I was always happy to go to Kagoshima, not only to teach the good students there, but also to be living under the shadow of the volcanic island Sakurajima.  Once I told the students how fortunate they were to be living near such a lovely mountain, with such a fine view across the bay from the school.  They, however, replied that they would happily give me the mountain to take back with me to Tokyo.  It was too much trouble for people living in Kagoshima to put up with so much ash, which came blowing over the bay in their direction whenever the wind was unfavourable.  Fortunately for me, that wind was invariably favourable for me while I was there.  All I could say was that, much as I would have liked to accept their kind offer, there would be no space for Sakurajima in the middle of Tokyo!  Another occasion, I was asked to compose one of my funny haiku about Kagoshima.  Then, looking out of the window at the majestic form of Sakurajima, I recalled a similar poem by Basho on the beauty spot of Matsushima and said, without thinking, “Sakurajima!/ Aa, Sakurajima!/ Sakurajima!”  As I declaimed it with the right intonation, it was a great success with the students, no less than my other, earlier poem on Shakespeare and the frog.  I was also happy to go to Hiroshima, where the women’s college was also, like so many other Catholic schools in Japan, including that of Kagoshima, on a hill looking over the ugly city.  Hiroshima had been a lovely Japanese city before the war, like all other cities in Japan, but in this country, as in all other countries, modernity means ugliness.  I really think people today, at least those who are in a position to decide such matters, have lost all sense of beauty – not least the so-called “artists” among them.  For me it didn’t matter so much, as I was only there for a week or two, and I had a taxi to bring me every morning to the school from the Jesuit residence.  But for the students it was an arduous climb every morning up a steep hill.  It made them afraid that, with all the exertion of climbing, their legs would take on the shape of radishes, or daikon.  So to comfort them, while disclaiming my responsibility, I composed another funny haiku, playing on the similarity of sound between ashi for “leg” and ashi for “evil”, “Daikon no,/ ashi kutabirete/ ashi-karazu” – “Please don’t think evil of me when your tired legs begin to look like radishes!”  It was a great comfort to them, sending them into stitches of laughter.  In general, I find that the Japanese, especially girls, unlike most Westerners in my experience, especially my colleagues at SJ House, are most appreciative of such puns.  Also at Hiroshima I was able to visit two friends of mine.  One was a devout Chestertonian, who translated Chesterton’s comic book Coloured Lands into Japanese, while the other was a Donne scholar, who also translated the Japanese poems of the Buddhist monk Ryokan – poems that make him sound like a Japanese version of St. Francis of Assisi – into English for the Penguin Books.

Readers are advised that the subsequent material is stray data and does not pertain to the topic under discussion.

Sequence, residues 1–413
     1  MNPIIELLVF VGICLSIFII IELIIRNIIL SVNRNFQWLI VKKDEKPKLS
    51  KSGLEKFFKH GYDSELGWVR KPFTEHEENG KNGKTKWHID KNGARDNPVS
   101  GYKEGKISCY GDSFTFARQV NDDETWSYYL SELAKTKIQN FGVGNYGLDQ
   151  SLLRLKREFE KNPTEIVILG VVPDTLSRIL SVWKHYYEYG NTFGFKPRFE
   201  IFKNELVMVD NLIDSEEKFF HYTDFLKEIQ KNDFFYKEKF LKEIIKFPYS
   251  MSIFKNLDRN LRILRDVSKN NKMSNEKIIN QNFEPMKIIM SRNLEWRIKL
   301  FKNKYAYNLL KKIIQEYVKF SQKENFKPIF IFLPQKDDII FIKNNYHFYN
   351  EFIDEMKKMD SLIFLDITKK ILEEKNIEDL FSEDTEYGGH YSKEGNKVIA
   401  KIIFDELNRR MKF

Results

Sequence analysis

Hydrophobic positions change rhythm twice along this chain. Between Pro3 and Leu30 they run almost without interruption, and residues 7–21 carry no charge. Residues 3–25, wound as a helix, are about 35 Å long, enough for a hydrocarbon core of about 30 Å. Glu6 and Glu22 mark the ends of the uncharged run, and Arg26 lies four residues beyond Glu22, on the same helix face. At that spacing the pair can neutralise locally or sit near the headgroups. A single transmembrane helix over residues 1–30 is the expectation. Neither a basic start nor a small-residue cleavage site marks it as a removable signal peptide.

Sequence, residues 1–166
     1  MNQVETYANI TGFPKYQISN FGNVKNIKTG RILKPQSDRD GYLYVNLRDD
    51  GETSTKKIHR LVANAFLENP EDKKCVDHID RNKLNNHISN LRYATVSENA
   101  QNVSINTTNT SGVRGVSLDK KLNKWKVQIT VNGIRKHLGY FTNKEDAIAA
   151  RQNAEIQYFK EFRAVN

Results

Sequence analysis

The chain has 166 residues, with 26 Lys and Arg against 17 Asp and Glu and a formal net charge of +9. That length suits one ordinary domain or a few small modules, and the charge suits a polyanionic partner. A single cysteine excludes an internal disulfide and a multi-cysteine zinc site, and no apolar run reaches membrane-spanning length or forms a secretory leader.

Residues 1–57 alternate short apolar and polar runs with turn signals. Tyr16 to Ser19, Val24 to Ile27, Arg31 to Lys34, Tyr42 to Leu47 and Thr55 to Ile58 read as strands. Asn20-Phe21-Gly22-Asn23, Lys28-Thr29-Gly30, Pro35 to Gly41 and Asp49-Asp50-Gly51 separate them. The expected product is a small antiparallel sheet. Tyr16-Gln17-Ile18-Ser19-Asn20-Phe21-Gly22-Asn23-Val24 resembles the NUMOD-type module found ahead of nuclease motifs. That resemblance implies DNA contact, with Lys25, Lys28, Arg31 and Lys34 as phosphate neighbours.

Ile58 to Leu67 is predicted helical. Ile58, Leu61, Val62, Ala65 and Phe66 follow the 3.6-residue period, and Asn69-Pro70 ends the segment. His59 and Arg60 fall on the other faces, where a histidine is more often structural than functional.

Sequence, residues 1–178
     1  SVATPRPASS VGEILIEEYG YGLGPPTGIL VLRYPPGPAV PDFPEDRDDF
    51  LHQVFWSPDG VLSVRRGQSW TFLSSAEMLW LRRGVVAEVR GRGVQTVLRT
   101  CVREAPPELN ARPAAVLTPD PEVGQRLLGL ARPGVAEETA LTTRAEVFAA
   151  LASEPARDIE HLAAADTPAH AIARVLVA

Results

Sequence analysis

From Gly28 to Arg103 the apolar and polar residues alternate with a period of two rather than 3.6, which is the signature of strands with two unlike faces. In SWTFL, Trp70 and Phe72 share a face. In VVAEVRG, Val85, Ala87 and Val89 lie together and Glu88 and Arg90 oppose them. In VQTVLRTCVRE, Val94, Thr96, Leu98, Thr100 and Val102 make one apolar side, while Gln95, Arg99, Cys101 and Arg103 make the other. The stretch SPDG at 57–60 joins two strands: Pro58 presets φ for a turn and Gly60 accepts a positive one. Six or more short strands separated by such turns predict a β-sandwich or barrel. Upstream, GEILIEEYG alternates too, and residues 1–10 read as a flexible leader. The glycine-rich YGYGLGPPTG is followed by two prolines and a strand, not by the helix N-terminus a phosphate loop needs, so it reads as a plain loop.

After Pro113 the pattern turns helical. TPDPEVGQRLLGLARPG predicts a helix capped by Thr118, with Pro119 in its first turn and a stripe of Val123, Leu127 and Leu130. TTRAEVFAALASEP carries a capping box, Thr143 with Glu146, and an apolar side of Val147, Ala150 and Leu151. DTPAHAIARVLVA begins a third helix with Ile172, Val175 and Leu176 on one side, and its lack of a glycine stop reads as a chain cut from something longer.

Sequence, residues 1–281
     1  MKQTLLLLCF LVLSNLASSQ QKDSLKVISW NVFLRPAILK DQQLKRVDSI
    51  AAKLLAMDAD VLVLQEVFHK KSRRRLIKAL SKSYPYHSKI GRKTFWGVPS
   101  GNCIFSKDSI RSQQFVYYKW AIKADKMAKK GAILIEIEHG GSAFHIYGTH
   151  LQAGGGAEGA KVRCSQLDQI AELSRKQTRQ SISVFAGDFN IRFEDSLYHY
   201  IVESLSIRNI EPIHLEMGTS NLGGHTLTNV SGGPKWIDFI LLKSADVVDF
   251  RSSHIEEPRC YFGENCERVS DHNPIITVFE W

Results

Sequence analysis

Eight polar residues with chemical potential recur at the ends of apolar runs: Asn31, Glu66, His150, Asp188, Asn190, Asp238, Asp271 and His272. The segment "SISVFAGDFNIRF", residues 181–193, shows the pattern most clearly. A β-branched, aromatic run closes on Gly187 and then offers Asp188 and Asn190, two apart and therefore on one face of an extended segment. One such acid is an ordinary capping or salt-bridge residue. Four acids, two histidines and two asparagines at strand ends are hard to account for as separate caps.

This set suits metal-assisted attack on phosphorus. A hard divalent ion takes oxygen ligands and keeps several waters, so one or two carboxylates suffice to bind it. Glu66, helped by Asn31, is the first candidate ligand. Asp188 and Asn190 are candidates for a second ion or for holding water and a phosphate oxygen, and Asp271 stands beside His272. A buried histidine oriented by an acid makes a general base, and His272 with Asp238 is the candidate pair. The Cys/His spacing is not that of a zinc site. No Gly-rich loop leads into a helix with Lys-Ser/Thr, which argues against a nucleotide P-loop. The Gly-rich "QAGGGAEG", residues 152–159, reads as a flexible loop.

About Aomori, where I was invited by the sisters in memory of a former student of mine who had died while a teacher there, I remember little except for the harbour which served ships bound for Hakodate and Hokkaido.  It was only on that occasion that I visited Aomori, though I had often been elsewhere in that Northern province of Honshu.  Elsewhere, I had been to Hirosaki, where the famous red apples of Aomori grow in abundance.  There, too, on the occasion of a meeting of the Shakespeare Society, I had been inspired to compose one of my funny haiku.  I was staying over the week-end at the local church, and on Sunday morning I had been asked to take the morning Mass for children.  Then I began to wonder what to say to the children by way of a sermon, without sending them to sleep.  So the idea of another funny haiku occurred to me, combining the word for red apples, aka-ringo, with the sound of a bell ringing for church, “Hirosaki no/ rin-rin-rin-rin/ aka-ringo!”  At least it was greatly appreciated by the children.  On the other hand, I have a clearer memory of my period of concentrated lectures at Sapporo, the principal city of Hokkaido.  The president was a sister who had been a student of mine in the graduate school of Sophia and who had come with me on my first “Literary and Historical Pilgrimage to the British Isles” in 1970.  I had several slides of her taken in the course of that tour, as well as the memory of an episode when she fell into a river near Hadrian’s Wall.  Unfortunately I hadn’t been there to witness the occurrence or to take a picture of her falling into the water.  It would have been so funny, especially for her students at Sapporo!  (It hadn’t been at all tragic, as the river at that spot was very shallow, running over many rocks.)  So when I showed my slides to the students, I recalled this episode, and they were so amused!  Some of them even wrote in their essays for me that it made them glad to hear it, since it made their president seem much more human.  Only, when I told her about it, she wasn’t amused.  Maybe that was why I wasn’t invited back.  Anyhow, as Lady Macbeth says, “What’s done is done!”